L’Escadrille Lafayette :
Unité Volontaire de Combat Oubliée de l’Amérique
in the Ranks
Every unit has its personalities, quirks, competition, politics, and issues; the Lafayette Escadrille would be no different. The original band of thirty-eight volunteers came from all walks of life: they were college students, the scions of famous American families, jacks of all trades, former military men, and taxi drivers. The mix of personalities added to the unit’s glamour and all-American spirit, and it endeared the men to the adoring public even more. But as the pressures and stress of combat fatigued the men, the mix of forceful personalities started to create divisive problems. Rivalries developed, some of which became open and nasty. Some of the men were accused of being shirkers and cowardly. A general lack of unit discipline on the ground and in the air would cause problems with the law and, in some cases, cost pilots their lives. Drinking became an issue for some of the men and would ruin their lives. As competition increased for glory and acclaim, men questioned each other’s intentions and alleged hidden agendas. Many of the men got along with each other or kept to themselves; but the ones who clashed caused schisms and internecine squabbling that would taint the Lafayette Escadrille’s legacy.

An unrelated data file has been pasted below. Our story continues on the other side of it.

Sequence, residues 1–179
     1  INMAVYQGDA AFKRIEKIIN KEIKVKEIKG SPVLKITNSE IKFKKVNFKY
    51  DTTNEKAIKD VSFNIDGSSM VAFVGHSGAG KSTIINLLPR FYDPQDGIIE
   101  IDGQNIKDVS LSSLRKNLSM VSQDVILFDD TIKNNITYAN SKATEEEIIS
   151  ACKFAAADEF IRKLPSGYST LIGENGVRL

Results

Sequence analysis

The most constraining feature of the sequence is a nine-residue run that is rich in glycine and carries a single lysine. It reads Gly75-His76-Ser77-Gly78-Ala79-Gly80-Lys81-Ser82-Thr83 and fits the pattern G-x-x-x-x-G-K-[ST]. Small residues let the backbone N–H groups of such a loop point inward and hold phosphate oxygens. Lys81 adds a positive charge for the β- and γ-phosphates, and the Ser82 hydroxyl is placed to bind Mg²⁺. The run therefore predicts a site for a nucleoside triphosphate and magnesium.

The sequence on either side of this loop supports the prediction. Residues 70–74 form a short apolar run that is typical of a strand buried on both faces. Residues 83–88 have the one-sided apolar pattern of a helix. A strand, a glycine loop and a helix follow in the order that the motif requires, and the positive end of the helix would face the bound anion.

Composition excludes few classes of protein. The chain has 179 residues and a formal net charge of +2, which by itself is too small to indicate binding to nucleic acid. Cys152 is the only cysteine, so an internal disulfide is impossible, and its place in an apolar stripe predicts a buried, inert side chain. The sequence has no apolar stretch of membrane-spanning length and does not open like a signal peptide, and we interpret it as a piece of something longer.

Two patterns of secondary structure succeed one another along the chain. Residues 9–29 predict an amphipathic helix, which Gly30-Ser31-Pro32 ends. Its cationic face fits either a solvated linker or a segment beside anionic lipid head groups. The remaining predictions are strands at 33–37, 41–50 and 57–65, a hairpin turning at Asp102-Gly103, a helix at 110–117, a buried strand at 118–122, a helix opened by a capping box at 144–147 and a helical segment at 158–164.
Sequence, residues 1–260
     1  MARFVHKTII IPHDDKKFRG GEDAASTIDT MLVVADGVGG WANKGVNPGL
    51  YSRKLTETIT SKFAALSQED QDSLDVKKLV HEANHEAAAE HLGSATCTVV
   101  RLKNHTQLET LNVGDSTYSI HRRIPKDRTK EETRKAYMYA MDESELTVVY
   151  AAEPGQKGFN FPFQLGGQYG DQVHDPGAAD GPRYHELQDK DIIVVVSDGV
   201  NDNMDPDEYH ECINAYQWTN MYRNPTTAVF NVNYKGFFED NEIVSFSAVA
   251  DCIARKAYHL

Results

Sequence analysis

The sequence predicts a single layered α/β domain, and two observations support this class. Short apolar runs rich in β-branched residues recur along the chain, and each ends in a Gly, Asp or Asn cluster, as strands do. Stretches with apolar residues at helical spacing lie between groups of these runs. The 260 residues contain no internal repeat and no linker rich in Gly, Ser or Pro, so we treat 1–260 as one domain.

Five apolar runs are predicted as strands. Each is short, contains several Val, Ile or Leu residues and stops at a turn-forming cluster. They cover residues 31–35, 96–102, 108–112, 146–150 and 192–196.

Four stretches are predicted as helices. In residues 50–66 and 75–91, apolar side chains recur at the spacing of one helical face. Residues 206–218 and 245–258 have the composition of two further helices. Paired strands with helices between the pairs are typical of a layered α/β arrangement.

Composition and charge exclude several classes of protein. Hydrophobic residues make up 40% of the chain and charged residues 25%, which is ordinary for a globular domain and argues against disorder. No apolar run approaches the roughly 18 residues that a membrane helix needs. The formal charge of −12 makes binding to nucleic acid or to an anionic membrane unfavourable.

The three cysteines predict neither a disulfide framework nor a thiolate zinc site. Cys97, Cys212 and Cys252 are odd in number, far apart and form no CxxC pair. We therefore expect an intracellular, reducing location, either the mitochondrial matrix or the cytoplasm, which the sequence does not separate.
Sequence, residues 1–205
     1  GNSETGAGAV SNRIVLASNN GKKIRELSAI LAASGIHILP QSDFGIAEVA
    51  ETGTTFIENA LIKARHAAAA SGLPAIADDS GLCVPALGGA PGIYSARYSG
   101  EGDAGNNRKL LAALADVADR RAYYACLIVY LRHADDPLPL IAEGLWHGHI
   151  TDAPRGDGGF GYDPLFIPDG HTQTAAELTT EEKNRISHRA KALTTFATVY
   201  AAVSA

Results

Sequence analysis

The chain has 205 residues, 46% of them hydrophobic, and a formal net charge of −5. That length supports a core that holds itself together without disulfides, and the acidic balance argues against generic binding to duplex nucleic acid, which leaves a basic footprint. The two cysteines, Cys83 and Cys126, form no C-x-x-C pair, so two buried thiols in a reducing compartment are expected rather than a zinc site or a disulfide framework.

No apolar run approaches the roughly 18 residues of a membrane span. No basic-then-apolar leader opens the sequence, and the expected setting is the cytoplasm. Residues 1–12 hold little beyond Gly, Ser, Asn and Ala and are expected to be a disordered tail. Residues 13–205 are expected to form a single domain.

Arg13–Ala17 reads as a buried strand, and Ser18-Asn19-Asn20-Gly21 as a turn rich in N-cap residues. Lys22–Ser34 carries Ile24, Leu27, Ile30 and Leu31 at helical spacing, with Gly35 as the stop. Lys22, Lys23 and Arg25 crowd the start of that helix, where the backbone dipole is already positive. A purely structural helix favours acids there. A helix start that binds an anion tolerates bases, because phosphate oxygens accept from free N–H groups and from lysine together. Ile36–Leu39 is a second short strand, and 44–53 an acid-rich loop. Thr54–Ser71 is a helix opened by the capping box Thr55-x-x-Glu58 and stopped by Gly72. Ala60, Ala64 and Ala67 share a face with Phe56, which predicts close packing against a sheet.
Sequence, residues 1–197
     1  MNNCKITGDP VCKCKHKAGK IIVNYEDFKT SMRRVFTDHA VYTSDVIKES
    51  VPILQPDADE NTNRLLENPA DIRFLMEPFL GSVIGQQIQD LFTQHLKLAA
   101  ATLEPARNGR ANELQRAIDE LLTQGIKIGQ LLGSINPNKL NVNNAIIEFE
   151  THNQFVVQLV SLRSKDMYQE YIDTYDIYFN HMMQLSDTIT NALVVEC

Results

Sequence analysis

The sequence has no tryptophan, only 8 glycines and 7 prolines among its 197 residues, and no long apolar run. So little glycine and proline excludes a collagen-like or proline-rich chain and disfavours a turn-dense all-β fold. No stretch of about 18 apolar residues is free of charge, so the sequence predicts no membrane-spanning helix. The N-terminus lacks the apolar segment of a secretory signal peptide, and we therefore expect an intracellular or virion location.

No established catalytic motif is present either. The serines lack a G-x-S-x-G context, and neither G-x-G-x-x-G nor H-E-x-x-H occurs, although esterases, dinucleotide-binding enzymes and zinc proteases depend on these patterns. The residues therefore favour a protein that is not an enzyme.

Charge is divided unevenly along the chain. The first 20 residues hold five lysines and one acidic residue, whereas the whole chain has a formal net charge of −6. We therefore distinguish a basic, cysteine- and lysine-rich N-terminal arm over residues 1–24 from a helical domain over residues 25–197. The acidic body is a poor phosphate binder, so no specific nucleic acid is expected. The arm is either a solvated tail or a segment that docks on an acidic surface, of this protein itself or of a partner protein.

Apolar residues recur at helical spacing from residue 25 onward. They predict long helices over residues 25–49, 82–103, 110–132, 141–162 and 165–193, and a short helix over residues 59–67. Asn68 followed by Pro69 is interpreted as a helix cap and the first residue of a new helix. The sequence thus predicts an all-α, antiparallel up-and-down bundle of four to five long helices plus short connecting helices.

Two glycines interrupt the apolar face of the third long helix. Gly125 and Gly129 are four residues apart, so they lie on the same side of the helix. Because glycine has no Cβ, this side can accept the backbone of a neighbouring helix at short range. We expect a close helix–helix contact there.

* * *
The mark of great units is their teamwork and selflessness. The Lafayette Escadrille suffered from a rash of discipline problems and, more importantly, from dissension that would cause the unit great pain and unravel its cohesion. Some of these problems would fester and spill over into the squadron's post-war lives – some transgressions and rivalries were never put to rest, and were eventually taken to the grave. Even though the unit would survive this turmoil, this dissension and discord could not help but taint the squadron’s legacy.
of Discipline in the Ranks